Public-Private Partnerships: Improving Urban Life

By Perry Davis | Go to book overview

The Role of the University in Public‐
Private Partnerships

RONALD C. KYSIAK

Although public-private partnerships have usually been limited to business and government ventures, there is a variation that can be a powerful tool in meeting new economic-development goals—the university-public-private partnership. This partnership has been effective in some parts of the country in promoting a technologically oriented economic-development program.

Joint university, public-sector, and private-sector initiatives in New Haven, Connecticut, and Evanston, Illinois, have forged unusual yet highly effective alliances between city governments and universities, two institutions with a history of conflict. The enmity that characterizes these relationships was pronounced in New Haven and Evanston because of a basic political conflict over the universities' tax‐ exempt status and the seemingly uncaring attitude of those institutions toward the budgetary and developmental plight of the cities. Yet these fragile coalitions, once built, can be powerful in dealing with the rejuvenation of obsolete economies and depressed business climates.

The benefit of these partnerships is that they strengthen the existing public‐ private partnership, because the university contributes something that neither the business community nor the public sector has — the prestige and environment of a major institution, including its faculty and physical resources. These attributes were of little import when economic-development programs were built around the seminal strategy of attracting and retaining an industrial base. This was the major urban strategy of the 1950s through the 1970s of most of the cities in the Midwest and the South, while eastern cities were slowly realizing that such a strategy was doomed to fail. The eastern cities, such as Boston, Philadelphia, and New Haven, first suffered the major shift away from manufacturing in the national economy. They came to understand the necessity of a more effective strategy tied to new technology to generate new business. The implementation of this strategy demanded university involvement and opened the doors for mutual discussion among public, private, and university sectors in order to create a nur

Notes for this page

Add a new note
If you are trying to select text to create highlights or citations, remember that you must now click or tap on the first word, and then click or tap on the last word.
One moment ...
Default project is now your active project.
Project items

Items saved from this book

This book has been saved
Highlights (0)
Some of your highlights are legacy items.

Highlights saved before July 30, 2012 will not be displayed on their respective source pages.

You can easily re-create the highlights by opening the book page or article, selecting the text, and clicking “Highlight.”

Citations (0)
Some of your citations are legacy items.

Any citation created before July 30, 2012 will labeled as a “Cited page.” New citations will be saved as cited passages, pages or articles.

We also added the ability to view new citations from your projects or the book or article where you created them.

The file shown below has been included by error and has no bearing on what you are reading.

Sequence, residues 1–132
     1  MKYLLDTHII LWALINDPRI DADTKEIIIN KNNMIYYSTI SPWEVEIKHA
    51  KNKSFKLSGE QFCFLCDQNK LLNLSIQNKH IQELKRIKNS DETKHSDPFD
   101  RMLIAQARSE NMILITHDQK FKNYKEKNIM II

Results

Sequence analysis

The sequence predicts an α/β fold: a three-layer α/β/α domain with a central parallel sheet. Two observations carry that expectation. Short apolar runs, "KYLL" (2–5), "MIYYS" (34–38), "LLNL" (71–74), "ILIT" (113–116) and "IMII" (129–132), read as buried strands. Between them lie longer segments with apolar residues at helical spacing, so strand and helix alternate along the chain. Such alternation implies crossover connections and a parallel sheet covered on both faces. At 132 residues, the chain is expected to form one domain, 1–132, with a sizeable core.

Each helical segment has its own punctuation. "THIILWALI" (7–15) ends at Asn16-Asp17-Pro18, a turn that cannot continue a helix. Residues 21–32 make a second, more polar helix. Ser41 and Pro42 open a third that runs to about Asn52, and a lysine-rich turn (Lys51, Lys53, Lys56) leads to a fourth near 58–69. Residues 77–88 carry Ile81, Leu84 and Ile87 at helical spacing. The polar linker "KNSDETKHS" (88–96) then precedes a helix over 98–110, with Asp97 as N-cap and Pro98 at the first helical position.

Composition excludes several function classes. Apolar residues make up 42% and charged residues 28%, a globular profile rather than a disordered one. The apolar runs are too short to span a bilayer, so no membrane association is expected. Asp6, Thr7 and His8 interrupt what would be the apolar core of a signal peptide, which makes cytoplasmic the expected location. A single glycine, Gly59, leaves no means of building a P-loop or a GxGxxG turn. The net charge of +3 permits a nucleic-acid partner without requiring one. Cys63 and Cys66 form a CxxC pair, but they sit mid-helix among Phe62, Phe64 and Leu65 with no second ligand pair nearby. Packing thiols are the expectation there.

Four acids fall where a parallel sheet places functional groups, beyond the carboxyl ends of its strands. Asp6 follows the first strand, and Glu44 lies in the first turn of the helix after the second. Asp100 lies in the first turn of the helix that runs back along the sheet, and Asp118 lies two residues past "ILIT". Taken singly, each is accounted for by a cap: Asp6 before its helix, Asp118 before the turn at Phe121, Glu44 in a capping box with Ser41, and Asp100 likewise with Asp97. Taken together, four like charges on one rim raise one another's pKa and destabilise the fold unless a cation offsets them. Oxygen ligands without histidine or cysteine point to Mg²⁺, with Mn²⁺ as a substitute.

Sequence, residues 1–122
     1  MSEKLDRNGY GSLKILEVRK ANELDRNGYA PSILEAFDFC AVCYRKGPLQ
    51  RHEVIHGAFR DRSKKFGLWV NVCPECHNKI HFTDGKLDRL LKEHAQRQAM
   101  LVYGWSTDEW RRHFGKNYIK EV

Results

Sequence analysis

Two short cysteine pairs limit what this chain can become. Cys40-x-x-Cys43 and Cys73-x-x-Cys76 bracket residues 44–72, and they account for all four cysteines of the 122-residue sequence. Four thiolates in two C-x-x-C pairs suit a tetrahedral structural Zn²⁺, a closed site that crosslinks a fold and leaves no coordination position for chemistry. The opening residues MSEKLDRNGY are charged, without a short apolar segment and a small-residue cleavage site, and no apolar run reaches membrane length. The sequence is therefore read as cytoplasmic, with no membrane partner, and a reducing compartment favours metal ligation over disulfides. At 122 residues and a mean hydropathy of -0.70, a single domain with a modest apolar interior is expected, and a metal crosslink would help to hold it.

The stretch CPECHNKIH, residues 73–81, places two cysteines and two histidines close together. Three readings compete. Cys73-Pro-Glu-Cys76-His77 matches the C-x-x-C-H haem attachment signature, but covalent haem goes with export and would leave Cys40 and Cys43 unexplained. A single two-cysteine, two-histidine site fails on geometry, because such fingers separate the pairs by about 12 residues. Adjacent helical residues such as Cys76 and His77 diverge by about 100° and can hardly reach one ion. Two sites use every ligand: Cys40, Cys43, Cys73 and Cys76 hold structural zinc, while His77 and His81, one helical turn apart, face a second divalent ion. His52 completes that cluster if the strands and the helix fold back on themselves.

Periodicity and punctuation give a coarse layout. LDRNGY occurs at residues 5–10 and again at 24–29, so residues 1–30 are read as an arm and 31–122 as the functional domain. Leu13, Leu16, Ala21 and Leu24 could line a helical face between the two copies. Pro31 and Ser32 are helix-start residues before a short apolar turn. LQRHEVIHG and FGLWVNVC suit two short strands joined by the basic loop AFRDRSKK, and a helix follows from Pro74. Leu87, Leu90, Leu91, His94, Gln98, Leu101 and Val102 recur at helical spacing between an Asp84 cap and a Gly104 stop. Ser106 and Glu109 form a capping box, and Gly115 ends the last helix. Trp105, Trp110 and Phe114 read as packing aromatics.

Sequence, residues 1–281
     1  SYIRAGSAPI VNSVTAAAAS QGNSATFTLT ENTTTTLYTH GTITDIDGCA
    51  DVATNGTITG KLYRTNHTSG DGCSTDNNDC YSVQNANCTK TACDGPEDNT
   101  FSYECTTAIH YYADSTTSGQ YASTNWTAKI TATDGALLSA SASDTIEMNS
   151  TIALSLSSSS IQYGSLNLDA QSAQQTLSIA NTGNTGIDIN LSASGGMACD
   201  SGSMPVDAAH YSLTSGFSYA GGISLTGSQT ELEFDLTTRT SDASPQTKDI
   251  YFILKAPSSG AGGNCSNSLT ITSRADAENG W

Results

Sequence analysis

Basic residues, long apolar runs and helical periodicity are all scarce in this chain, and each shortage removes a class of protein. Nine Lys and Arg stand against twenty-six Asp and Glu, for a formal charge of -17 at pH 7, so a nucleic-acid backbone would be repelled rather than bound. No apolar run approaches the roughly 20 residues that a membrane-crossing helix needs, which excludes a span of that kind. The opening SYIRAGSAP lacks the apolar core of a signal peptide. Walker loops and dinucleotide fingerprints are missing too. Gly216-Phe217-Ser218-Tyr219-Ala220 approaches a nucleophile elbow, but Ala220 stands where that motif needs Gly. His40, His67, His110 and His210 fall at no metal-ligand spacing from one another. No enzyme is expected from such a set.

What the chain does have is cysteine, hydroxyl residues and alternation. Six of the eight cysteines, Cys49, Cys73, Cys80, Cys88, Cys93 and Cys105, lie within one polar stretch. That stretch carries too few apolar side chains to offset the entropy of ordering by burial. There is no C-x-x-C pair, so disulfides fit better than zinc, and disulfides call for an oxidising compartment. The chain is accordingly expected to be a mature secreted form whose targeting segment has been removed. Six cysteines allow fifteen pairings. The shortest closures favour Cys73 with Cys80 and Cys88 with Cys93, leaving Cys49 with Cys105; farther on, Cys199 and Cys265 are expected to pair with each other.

Notes (0)
Bookmarks (0)

You have no saved items from this book

Project items include:
  • Saved book/article
  • Highlights
  • Quotes/citations
  • Notes
  • Bookmarks
Notes
Cite this page

Cited page

Style
Citations are available only to our active members.
Sign up now to cite pages or passages in MLA, APA and Chicago citation styles.

(Einhorn, 1992, p. 25)

(Einhorn 25)

1

1. Lois J. Einhorn, Abraham Lincoln, the Orator: Penetrating the Lincoln Legend (Westport, CT: Greenwood Press, 1992), 25, http://www.questia.com/read/27419298.

Cited page

Bookmark this page
Public-Private Partnerships: Improving Urban Life
Table of contents

Table of contents

Settings

Settings

Typeface
Text size Smaller Larger Reset View mode
Search within

Search within this book

Look up

Look up a word

  • Dictionary
  • Thesaurus
Please submit a word or phrase above.
Print this page

Print this page

Why can't I print more than one page at a time?

Full screen
/ 161

matching results for page

Cited passage

Style
Citations are available only to our active members.
Sign up now to cite pages or passages in MLA, APA and Chicago citation styles.

"Portraying himself as an honest, ordinary person helped Lincoln identify with his audiences." (Einhorn, 1992, p. 25).

"Portraying himself as an honest, ordinary person helped Lincoln identify with his audiences." (Einhorn 25)

"Portraying himself as an honest, ordinary person helped Lincoln identify with his audiences."1

1. Lois J. Einhorn, Abraham Lincoln, the Orator: Penetrating the Lincoln Legend (Westport, CT: Greenwood Press, 1992), 25, http://www.questia.com/read/27419298.

Cited passage

Welcome to the new Questia Reader

The Questia Reader has been updated to provide you with an even better online reading experience.  It is now 100% Responsive, which means you can read our books and articles on any sized device you wish.  All of your favorite tools like notes, highlights, and citations are still here, but the way you select text has been updated to be easier to use, especially on touchscreen devices.  Here's how:

1. Click or tap the first word you want to select.
2. Click or tap the last word you want to select.

OK, got it!

Thanks for trying Questia!

Please continue trying out our research tools, but please note, full functionality is available only to our active members.

Your work will be lost once you leave this Web page.

For full access in an ad-free environment, sign up now for a FREE, 1-day trial.

Already a member? Log in now.